Arthur Cecil Pigou Pigou was a British economist (), disciple of Alfred Marshall, whom he succeeded as a professor at Cambridge. Arthur Cecil Pigou (November 18, – March 7, ) was an English economist. As a teacher and builder of the school of economics at Cambridge. Arthur Cecil Pigou (–), professor of political economy at Cambridge University from to , is today best known for his contributions to the.
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Hamilton,IJEthicsp. In defense of Marshall, Pigou was prepared, if necessary, to sacrifice himself. Wikivoyage 0 entries edit.
Pigou, Arthur Cecil
Then, copy and paste the text into your bibliography or works cited list. Arthur Cecil We cannot vecil that it is true. Johnson,Canadian JE A.
That he had read and absorbed a great deal is evident. He started from two existing ideas, to be found, in the Cambridge tradition, in the work of Marshall and of Sidgwick. Your contribution may be pibou edited by our staff, and its publication is subject to our final approval.
Professor Pigou is a classical economist; therefore the classical economists have committed these sins! It is not easy to place Pigou in fecil theogony of economists. Pigou applied his economic analysis to a number of other problems, including tariff policy, unemploymentand public finance.
It was through exposure while climbing that he acquired an illness affecting the heart, which from the beginning of the s increasingly curtailed both his climbing and his other activities. In the Alps he achieved most of what is possible to the best.
Educated at Harrow and King’s College, Cambridge, he compiled a brilliant record that included numerous prizes. But byMarshall’s preferences had changed and he secured Pigou’s appointment to the chair, creating much bitterness with Foxwell.
Arthur Cecil Pigou | British economist |
The Cambridge economists of the s owed to Keynes their sense of the importance of the economic issues and their sense of urgency to achieve essential reforms; but it was primarily to Pigou and also, in later years, to Dennis Robertson and others that they owed their training in the disciplines of economic reasoning.
In the end, his most lasting contribution was to point out that, as long as wage and price flexibility exists, the value of assets, the prices of which are fixed in money terms, will rise as wages and prices fall, reducing the propensity to save and, consequently, increasing the propensity to consume.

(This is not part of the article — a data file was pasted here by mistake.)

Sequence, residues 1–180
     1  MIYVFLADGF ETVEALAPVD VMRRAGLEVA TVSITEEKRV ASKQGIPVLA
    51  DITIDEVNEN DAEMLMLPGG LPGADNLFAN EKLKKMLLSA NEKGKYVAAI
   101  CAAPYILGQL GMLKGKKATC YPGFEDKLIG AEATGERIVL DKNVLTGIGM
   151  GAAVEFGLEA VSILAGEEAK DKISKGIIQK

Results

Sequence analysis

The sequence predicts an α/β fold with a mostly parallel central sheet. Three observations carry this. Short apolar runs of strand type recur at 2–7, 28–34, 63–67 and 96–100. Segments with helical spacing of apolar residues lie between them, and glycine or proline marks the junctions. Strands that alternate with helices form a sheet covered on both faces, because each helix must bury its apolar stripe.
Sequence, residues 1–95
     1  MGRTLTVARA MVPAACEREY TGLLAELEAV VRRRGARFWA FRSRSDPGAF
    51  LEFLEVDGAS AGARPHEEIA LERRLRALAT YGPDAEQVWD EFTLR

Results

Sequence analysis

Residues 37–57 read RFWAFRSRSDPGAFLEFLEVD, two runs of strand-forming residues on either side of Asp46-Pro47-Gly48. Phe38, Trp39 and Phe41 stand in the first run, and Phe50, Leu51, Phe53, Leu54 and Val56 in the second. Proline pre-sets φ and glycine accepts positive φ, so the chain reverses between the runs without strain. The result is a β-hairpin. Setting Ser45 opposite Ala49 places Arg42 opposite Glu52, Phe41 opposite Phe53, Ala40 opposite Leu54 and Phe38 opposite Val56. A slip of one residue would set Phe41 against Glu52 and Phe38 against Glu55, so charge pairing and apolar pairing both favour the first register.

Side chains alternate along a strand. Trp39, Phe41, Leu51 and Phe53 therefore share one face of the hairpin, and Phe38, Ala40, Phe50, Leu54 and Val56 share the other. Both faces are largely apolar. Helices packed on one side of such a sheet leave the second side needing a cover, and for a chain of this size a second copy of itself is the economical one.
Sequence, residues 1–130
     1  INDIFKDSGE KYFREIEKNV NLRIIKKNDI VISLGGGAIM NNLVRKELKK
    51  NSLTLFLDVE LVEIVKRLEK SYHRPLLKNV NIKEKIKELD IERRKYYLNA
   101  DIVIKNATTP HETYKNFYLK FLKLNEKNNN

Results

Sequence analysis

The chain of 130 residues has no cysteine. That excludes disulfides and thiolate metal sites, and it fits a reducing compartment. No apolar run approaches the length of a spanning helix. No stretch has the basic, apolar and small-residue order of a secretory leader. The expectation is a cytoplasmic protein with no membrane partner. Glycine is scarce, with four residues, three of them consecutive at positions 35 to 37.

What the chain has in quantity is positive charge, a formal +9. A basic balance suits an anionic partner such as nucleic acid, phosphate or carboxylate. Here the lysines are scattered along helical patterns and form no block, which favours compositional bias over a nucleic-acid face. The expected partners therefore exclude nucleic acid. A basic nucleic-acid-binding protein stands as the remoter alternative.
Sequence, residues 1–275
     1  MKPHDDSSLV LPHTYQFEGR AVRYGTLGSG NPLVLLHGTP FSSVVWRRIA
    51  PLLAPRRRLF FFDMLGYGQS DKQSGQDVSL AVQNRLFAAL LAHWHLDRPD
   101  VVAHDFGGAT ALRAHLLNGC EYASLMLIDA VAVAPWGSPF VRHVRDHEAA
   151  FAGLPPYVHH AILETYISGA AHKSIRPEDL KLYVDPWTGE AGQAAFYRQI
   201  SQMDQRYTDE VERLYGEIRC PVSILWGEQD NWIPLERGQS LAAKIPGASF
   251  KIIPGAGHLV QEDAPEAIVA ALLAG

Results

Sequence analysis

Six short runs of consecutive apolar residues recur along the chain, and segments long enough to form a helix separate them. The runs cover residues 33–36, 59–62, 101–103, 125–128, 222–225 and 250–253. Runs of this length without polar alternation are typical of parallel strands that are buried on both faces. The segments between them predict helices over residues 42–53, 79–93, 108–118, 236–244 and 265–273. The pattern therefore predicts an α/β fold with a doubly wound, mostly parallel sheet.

Towards the end of the war he reluctantly accepted a post in the Board of Tradebut showed little aptitude for the work. To deny this is to wreck, not merely Welfare Ccil, but artbur whole apparatus of practical aethur.
Copyright The Columbia University Press. But it made curiously little impression on contemporary economics, either in Cambridge, elsewhere in England, or in America, and it now seldom receives detailed study. In particular, Pigou is responsible for the famous distinction between private and social marginal products and costs and the idea that governments can, via a mixture of taxes and subsidies, correct such market failures – or “internalize the externalities”.
Retrieved from ” https: In those two lectures, even more moving to hear than to read, he said, in effect, that he had come to feel, with the passage of time, that he had failed to appreciate some of the important things which Keynes had been trying to argue in the General Theory and that he had been oversevere in his Economica review. An illness affecting his heart developed in the early s, however, and this affected his vigour, curtailing his climbing and leaving him with phases of debility for the rest of his life.
Arthur Cecil Pigou – Wikidata
No biography or complete bibliography of Pigou’s work has arthug published. He consumed all that was written in economics, seeking always realistic illustrations for quotation in his own work, and in addition he devoured every detective story available.
Son of an army officer, A. While Pigou, as his working life continued, gradually acquired the habits of mathematical economics, he was not by instinct and training a mathematical economist. In all practical affairs we act on that supposition.
Arthur Cecil Pigou
The burden is the other way. But we do not need to do so. It was in that Pigou published the book which, in retrospect, is the most important of his works— Wealth and Welfare, as it was called in its first edition. His clothes progressively became more and pigku those of a hermit, and one never knew in what sartorial disarray or in what superannuated castoffs he would next appear.